In order to mitigate the threat from an unstable backyard, India has employed a “soft-power” approach in Afghanistan. Its aid, estimated at $1.5 billion, and development projects are an attempt to strengthen a war-ravaged young democracy, thereby attempting to reduce the vacuum which may allow the Taliban and other groups to emerge.
Another aspect of India’s interest in Afghanistan relates to its need to reduce Pakistani influence in the region. India should contain and balance Pakistan’s influence, which may otherwise hamper Indian interests. Afghanistan has been the battleground for an India-Pakistan proxy war since 2001. New Delhi needs Kabul to get a better view of Islamabad and hence it is pertinent that it fosters positive relations. This relationship can only blossom if Afghanistan is stable and strong.
The threat, however, is not just to Indian embassies and consulates but also to New Delhi’s economic interests in the country. In 2011, a consortium of six Indian companies was awarded mining rights in the Hajigak area. However, after a debate over reducing their initial plan of investing $11 billion to $1 billion, the consortium eventually decided to pull out. The increasing flux in the region was one of the contributing factors behind this significant decision.
The mounting fears in the country are not only an impediment to Indian companies’ ability to tap into Afghanistan’s mineral resources, estimated at $1 trillion, but can prove to be detrimental to ever-growing Indian energy demands. The proposed gas pipeline project TAPI (Turkmenistan-Afghanistan-Pakistan-India), which seeks to connect an energy-rich Central to South Asia, will only see the light of the day if stability is established in Afghanistan
It is important to note that Afghanistan not only serves security and economic interests but is also closely tied to India’s vision of being a regional leader and a great power, coupled with its competition with China over resources and its need to counter Pakistani influence. India’s ability to mentor a nascent democracy will go a long way to demonstrate to the world that India is indeed a major power, especially a responsible one. However, this vision can only be materialized if Afghanistan does not descend into a state of chaos and conflict.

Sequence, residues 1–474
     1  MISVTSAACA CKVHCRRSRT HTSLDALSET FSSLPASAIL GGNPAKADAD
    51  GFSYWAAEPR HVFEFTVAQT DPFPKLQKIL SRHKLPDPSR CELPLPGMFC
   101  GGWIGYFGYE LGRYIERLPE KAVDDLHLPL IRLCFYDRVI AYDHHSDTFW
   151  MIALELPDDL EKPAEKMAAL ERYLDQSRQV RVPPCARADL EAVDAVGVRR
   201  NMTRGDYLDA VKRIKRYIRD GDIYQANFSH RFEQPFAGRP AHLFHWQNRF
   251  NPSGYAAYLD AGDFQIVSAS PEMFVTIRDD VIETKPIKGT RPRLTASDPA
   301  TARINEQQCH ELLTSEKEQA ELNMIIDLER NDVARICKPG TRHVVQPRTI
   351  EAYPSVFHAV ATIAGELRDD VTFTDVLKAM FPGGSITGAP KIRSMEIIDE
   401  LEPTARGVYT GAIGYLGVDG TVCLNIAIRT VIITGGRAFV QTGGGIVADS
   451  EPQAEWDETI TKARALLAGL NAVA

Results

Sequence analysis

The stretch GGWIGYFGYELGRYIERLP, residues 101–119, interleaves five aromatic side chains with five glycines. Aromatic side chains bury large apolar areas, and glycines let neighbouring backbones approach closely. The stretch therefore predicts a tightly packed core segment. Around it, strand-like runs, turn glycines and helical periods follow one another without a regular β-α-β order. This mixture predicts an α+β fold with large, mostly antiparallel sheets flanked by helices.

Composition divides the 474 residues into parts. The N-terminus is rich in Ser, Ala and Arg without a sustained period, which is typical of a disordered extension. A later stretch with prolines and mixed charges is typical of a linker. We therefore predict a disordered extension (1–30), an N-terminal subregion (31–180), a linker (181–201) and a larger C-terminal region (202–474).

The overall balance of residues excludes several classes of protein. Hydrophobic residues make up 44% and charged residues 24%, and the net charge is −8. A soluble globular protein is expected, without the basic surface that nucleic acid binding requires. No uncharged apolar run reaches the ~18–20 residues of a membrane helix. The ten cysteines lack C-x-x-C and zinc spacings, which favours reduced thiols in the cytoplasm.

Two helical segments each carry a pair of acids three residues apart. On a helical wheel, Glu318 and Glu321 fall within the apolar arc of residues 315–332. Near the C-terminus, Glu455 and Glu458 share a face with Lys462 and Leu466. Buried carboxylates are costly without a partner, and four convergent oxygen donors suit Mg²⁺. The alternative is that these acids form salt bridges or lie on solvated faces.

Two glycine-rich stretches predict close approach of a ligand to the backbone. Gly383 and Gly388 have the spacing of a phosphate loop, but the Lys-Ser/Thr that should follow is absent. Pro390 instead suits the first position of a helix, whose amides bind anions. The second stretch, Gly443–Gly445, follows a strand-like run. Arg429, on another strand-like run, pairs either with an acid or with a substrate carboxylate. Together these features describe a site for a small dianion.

The Way Forward
India’s civilian-centric policies, be they the construction of the Salma Dam project or offering annual scholarships to Afghan students, will only bear fruit if India ensures that events do not unfold the way they did after the Soviet pull-out from the country. It is India’s pragmatism that drives its decision not to put boots on the ground and instead invest in constructing the new Parliament building in Kabul and gifting a 97-foot high Afghan flag to in order to cement their friendship.
India, however, needs to enhance its current assistance to Afghanistan given the growing security challenges and economic difficulties. Suffering huge losses from a resurgent Taliban, especially now that the group has grown stronger and expanded territorially, Afghanistan has asked India to provide military supplies. In response to Kabul’s military and economic demands India needs to take a tough decision – how is the regional superpower going to address the burgeoning threat in Afghanistan while keeping in mind its own strategic interests?
Correction: India’s aid to Afghanistan is estimated at $1.5 billion, not $1.5 trillion.
Akanksha Narain is a Research Analyst with the Studies in Inter-Religious Relations in Plural Societies (SRP) Programme at the S. Rajaratnam School of International Studies (RSIS), Nanyang Technological University, Singapore.